This project has developed a range of social innovations that are critical to addressing some entrenched challenges that prevent smallholder farmers from investing in sustainable land management practices. These innovations address, among other systemic issues: insecure access to land for women and young people; informal, and unpredictable, land-leasing arrangements; limited farmer-to-farmer knowledge transfer; and agricultural extension services that are not geared to the needs of poor and marginalised farmers.
Together with our partners in Benin, Burkina Faso, and Kenya, we facilitate participatory processes to develop practical solutions to these problems. We pay particular attention to those left out of mainstream planning processes with the aim of practical, context-specific solutions that are led by the most affected groups.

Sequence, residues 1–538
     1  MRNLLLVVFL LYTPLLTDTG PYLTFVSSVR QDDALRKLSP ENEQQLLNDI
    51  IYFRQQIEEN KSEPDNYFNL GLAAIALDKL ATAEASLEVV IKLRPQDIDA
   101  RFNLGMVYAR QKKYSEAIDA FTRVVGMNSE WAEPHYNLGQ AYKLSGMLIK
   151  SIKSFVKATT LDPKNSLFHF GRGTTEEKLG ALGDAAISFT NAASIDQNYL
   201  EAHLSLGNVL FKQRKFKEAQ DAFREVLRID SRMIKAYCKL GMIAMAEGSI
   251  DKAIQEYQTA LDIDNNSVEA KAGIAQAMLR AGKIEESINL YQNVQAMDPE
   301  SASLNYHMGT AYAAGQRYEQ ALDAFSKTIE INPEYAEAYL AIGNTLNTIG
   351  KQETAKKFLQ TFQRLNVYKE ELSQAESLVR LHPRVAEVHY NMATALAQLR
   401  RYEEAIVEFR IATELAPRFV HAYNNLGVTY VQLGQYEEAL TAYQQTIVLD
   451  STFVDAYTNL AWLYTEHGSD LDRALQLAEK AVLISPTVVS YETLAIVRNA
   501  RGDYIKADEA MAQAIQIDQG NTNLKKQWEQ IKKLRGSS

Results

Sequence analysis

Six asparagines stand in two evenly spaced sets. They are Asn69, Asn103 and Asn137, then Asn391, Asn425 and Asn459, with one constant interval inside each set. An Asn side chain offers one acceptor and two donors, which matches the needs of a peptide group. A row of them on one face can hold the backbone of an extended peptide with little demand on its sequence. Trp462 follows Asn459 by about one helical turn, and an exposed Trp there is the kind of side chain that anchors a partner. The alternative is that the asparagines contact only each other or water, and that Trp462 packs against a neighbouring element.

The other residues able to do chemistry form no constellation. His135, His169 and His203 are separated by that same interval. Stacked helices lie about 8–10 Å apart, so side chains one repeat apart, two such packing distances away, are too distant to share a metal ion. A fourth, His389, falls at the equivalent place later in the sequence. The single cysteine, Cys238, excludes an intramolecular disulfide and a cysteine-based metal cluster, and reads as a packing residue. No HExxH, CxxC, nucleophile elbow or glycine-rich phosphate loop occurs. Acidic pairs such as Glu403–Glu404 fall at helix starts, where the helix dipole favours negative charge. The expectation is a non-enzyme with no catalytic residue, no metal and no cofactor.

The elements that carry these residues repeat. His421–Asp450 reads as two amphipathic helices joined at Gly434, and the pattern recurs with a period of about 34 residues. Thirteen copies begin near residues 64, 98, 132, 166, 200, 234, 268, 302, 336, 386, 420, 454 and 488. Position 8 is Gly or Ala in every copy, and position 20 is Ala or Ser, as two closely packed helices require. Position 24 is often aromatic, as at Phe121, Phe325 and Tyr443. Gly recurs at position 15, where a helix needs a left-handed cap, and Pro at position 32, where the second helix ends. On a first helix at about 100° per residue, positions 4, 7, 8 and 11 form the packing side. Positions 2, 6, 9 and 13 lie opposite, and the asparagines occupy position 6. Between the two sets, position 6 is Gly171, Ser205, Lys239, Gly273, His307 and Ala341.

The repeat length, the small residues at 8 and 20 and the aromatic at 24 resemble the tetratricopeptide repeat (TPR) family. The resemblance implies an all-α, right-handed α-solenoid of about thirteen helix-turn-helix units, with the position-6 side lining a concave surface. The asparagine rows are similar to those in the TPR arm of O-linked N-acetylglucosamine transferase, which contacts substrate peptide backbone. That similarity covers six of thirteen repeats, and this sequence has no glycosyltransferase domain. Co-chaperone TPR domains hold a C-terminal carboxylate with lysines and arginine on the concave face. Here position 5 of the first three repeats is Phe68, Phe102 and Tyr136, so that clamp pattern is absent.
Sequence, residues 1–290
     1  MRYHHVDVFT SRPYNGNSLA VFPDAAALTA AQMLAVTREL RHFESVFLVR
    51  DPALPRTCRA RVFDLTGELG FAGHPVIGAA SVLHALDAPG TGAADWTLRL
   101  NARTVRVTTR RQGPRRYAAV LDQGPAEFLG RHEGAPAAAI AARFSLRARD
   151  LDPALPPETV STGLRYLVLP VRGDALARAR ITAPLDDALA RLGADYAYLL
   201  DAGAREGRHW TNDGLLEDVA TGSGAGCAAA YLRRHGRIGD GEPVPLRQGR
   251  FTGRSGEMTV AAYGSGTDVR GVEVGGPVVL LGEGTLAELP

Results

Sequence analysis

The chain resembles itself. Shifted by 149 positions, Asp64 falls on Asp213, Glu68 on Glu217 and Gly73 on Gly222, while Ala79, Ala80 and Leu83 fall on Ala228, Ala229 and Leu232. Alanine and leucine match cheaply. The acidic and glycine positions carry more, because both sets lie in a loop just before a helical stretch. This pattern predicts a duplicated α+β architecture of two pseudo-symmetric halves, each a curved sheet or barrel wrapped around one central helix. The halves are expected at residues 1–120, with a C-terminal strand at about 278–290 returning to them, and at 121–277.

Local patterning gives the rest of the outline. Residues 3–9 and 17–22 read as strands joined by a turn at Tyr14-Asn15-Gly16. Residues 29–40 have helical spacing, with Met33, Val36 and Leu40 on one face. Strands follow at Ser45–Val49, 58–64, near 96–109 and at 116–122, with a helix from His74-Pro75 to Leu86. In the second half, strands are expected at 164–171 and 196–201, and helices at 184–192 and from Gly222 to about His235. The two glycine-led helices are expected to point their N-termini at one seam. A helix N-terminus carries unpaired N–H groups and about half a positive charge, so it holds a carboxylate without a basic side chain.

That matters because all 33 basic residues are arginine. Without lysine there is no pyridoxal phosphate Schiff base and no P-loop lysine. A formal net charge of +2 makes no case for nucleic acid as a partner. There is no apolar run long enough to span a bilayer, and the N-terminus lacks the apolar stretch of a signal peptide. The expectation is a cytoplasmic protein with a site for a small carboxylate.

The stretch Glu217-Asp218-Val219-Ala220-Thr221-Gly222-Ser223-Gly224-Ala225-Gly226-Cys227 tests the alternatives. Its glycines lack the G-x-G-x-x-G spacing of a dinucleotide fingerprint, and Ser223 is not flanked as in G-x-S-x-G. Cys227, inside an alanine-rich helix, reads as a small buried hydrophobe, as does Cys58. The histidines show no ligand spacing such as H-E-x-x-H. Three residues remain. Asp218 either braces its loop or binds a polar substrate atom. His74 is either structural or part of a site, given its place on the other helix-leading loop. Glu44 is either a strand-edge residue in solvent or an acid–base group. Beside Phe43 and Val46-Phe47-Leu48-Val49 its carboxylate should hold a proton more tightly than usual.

In western Kenya, working with the grassroots women’s organisation, Shibuye Community Health Workers, we pioneered a process for establishing land lease guidelines, enabling women, and young people, to secure a livelihood from farming. In Burkina Faso, with Groupe de Recherche et d’Action sur le Foncier, weintroduced a process of negotiated land rights transfer to improve women’s tenure situation within family farms. In northern Benin, TMG and our partners developed the community-led, 'Tem Sesiabun Gorado' model. The aim is to improve existing farmer-to-farmer extension strategies through a scalable model for catalysing the diffusion of knowledge and practices on sustainable land management.